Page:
Ecommerce Review Dataset Analysis
Vo Thi Quynh Yen
Natural language processing is an important field in machine learning that has been used in many commercial and scientific applications. From a conversational text, the computer can analyse to extract many useful information such as the sentiment the user was feeling, the topic of the conversation, detect spam, etc. In this project, we will analyse reviews posted by consumers of women’s clothing and try to find out the relationship between such reviews and ratings to the popular level of the related item. We explore the relationship between the review texts and the popularity of the product.
We will use the Women’s E-Commerce Clothing Review dataset on Kaggle to carry out the analysis. The dataset can be downloaded from this URL:
The dataset contains customer reviews for clothing items. It has a total of 23486 rows and 10 columns representing 10 features:
Clothing ID: the unique ID of the item which is an Integer Categorical variable
Age: the age of the reviewer which is a Positive Integer variable
Title: the title of the review (String variable)
Review Text: review body (String variable).
Rating: the product score given by the customer from 1 to 5 (Ordinal Integer variable)
Recommended IND: 1 is recommended, 0 is not recommended (Binary variable)
Positive Feedback Count: number of other customers who found this review positive (Positive Integer)
Division Name: product high level division (Categorical)
Department Name: product department name (Categorical)
Class Name: product class name (Categorical name)
Data Preprocessing in Excel
First we need to extract further information from the data given. We want to identify trending products from current reviews. Generally, when a product is selling well and customers love it, they will post positive reviews and give high ratings. A product that is trending is product that has a lot of reviews, most of which are positive and the ratings are high.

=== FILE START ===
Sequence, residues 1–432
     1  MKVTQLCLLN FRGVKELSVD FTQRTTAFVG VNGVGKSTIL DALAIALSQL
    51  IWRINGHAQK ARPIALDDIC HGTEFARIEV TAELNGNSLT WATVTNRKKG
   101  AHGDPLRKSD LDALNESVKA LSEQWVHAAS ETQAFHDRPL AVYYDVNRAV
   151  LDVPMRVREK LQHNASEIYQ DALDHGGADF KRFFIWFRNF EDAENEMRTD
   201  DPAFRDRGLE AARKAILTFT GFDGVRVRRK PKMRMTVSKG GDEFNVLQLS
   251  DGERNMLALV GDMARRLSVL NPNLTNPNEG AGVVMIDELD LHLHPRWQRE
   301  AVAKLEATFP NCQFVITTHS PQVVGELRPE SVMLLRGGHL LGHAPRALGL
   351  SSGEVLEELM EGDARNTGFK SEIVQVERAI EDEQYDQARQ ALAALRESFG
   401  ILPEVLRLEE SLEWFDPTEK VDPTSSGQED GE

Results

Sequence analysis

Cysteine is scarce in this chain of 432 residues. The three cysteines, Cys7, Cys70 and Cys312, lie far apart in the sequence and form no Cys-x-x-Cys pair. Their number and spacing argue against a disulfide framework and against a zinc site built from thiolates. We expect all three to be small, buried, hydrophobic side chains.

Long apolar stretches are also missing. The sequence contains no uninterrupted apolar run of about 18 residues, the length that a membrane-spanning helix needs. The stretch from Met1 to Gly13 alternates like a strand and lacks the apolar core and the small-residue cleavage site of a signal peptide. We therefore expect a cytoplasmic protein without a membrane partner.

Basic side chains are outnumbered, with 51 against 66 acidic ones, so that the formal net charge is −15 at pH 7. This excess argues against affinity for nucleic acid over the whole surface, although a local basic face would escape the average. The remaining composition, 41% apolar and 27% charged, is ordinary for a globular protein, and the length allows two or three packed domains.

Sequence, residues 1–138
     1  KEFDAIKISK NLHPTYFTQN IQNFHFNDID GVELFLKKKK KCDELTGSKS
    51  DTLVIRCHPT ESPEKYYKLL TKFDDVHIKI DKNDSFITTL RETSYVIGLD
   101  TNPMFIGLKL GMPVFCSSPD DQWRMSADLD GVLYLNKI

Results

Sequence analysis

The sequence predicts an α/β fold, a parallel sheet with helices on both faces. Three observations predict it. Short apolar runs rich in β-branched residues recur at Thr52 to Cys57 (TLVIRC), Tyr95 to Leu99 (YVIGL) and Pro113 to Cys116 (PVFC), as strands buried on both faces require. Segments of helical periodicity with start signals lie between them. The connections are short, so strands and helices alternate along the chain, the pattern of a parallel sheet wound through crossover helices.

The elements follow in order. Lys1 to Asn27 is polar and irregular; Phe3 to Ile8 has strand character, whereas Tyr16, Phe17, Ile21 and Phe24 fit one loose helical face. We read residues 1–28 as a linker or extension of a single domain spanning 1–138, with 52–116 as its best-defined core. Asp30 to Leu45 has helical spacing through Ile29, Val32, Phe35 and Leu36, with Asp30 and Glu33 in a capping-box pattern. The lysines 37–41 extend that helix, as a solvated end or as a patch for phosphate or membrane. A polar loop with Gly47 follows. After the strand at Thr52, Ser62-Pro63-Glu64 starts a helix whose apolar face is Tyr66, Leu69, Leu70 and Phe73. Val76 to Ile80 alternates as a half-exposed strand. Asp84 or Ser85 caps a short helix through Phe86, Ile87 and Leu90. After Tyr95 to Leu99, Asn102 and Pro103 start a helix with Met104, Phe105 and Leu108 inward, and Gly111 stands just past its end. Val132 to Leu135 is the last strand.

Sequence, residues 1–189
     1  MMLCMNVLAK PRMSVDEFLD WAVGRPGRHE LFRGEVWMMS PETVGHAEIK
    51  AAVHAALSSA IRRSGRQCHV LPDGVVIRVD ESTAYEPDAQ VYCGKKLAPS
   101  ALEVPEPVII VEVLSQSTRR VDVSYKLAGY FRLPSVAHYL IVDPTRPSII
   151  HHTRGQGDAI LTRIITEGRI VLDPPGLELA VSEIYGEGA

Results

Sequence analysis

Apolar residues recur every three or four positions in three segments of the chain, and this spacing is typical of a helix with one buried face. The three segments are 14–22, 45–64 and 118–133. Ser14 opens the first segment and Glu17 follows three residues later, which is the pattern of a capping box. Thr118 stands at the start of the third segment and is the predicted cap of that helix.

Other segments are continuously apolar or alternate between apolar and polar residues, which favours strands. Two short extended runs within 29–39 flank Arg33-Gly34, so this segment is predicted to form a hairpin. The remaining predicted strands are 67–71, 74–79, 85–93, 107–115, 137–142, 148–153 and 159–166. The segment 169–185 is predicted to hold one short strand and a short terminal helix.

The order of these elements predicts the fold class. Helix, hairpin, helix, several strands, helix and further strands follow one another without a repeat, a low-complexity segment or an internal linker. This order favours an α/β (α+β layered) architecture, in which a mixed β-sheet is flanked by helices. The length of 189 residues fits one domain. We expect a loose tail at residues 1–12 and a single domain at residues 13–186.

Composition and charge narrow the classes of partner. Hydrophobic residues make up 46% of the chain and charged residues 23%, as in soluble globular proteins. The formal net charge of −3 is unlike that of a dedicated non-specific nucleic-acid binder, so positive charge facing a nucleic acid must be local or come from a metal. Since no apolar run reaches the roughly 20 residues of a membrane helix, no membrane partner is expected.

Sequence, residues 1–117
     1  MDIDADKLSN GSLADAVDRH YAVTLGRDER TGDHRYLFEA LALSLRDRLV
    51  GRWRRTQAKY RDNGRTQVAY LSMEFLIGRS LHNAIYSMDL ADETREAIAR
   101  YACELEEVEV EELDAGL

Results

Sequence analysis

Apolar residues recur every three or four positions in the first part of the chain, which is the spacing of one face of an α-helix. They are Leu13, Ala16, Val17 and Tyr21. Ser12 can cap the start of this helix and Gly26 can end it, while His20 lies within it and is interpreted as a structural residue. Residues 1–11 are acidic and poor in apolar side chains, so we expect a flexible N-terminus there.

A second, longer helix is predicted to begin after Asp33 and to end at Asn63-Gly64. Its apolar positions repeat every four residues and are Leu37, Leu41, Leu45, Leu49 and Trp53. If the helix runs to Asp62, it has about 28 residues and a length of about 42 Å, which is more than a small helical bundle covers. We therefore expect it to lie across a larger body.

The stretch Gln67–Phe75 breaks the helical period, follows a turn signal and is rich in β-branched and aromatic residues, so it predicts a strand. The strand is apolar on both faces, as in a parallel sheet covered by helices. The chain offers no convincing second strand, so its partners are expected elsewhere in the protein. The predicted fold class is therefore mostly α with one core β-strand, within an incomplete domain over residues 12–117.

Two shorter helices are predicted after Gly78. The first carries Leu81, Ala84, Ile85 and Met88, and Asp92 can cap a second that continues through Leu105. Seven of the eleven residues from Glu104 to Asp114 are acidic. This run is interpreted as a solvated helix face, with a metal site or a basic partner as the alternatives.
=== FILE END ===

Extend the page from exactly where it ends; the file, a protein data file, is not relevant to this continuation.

We will create a number of columns to calculate the trendy nature of a product.
Sum_reviews: This is a total number of reviews for a given product
Average rating: average rating for a given product
Stdev of rating: Standard deviation of rating, calculated from average rating
Number of recommendations: the number of recommendations for a given product
Recommendation percentage: the percentage of people who recommended the product
Percentage of reviews: the percentage of reviews for a given product out of all reviews
Rating strength: how strong is the rating for a product
Hot item: determine if an item is hot or not depending on the rating strength. There is a cutoff threshold that is used to determine if a product is hot or not. The threshold used was 0.00036.
After having prepared the data and extract the information we want, we proceed to doing predictive modelling using RapidMiner.
Predictive Modelling in RapidMiner
We will be doing language processing, which will extract information from a review and then predict if an item is a hot item. We will split the data into training data and test data, so that after being trained, the model could work on new data and make correct predictions.
The workflow consists of:
The operator used:
- Retrieve: First we will import the processed Excel file into Rapidminer and then retrieve it.
- Sample: since the Excel data contains 19653 rows and this is huge, we would prefer taking a smaller sample out of it for testing the model, first because such a huge dataset is too heavy for a laptop computer with limited memory, secondly because if we use the whole dataset, it will run very slowly. In this case, we choose 2500 samples.